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Displaying 6 of 6 results for 'Jonas Hentati-Sundberg'
The model presented here is extensively described in the paper ‘Talk less to strangers: How homophily can improve collective decision-making in diverse teams’ (forthcoming at JASSS). A full replication package reproducing all results presented in the paper is accessible at https://osf.io/76hfm/.
Narrative documentation includes a detailed description of the model, including a schematic figure and an extensive representation of the model in pseudocode.
The model develops a formal representation of a diverse work team facing a decision problem as implemented in the experimental setup of the hidden-profile paradigm. We implement a setup where a group seeks to identify the best out of a set of possible decision options. Individuals are equipped with different pieces of information that need to be combined to identify the best option. To this end, we assume a team of N agents. Each agent belongs to one of M groups where each group consists of agents who share a common identity.
The virtual teams in our model face a decision problem, in that the best option out of a set of J discrete options needs to be identified. Every team member forms her own belief about which decision option is best but is open to influence by other team members. Influence is implemented as a sequence of communication events. Agents choose an interaction partner according to homophily h and take turns in sharing an argument with an interaction partner. Every time an argument is emitted, the recipient updates her beliefs and tells her team what option she currently believes to be best. This influence process continues until all agents prefer the same option. This option is the team’s decision.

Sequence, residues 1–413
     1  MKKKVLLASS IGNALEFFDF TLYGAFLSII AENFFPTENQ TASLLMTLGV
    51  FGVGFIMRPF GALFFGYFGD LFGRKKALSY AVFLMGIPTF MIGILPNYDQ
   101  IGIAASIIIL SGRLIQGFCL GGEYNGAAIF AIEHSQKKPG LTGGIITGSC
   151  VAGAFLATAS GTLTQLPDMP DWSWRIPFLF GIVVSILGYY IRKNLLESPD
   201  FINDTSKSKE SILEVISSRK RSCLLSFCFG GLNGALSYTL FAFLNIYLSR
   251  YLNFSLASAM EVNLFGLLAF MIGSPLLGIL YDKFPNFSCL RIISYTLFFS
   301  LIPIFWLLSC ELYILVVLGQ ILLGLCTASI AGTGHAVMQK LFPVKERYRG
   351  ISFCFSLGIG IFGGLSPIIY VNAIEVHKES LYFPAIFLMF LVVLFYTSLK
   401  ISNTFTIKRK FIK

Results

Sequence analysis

An Agent-Based Model to simulate agent reactions to threatening information based on the anxiety-to-approach framework of Jonas et al. (2014).
The model showcases the framework of BIS/BAS (inhibitory and approach motivated behavior) for the case of climate information, including parameters for anxiety, environmental awareness, climate scepticism and pro-environmental behavior intention.
Agents receive external information according to threat-level and information frequency. The population dynamic is based on the learning from that information as well as social contagion mechanisms through a scale-free network topology.
The model uses Netlogo 6.2 and the network extension.
FIBE represents a simple fishery model. Fish that reproduce and fisher with different fishing styles that fish as their main source of income. The aim of the model is to reflect the different fishing behaviours as described and observed in the (Swedish) Baltic Sea fishery and explore the consequences of different approximations of human/fisher behaviour in under different environmental and managerial scenarios.
The overarching aim is to advance the incorporation and understanding of human behaviour (diversity) in fisheries research and management. In particular focusing on insights from social (fishery) science of fisher behaviour.
Demand planning requires processing of distributed information. In this process, individuals, their properties and interactions play a crucial role. This model is a computational testbed to investigate these aspects with respect to forecast accuracy.
Project for the course “Introduction to Agent-Based Modeling”.
The NetLogo model implements an Opinion Dynamics model with different confidence distributions, inspired by the Bounded Confidence model presented by Hegselmann and Krause in 2002. Hegselmann and Krause used a model with uniform distribution of confidence, but one could imagine agents that are more confident in their own opinions than others. Confidence with triangular, semi-circular, and Gaussian distributions are implemented. Moreover, network structure is optional and can be taken into account in the agent’s confidence such that agents assign less confidence the further away from them other agents are.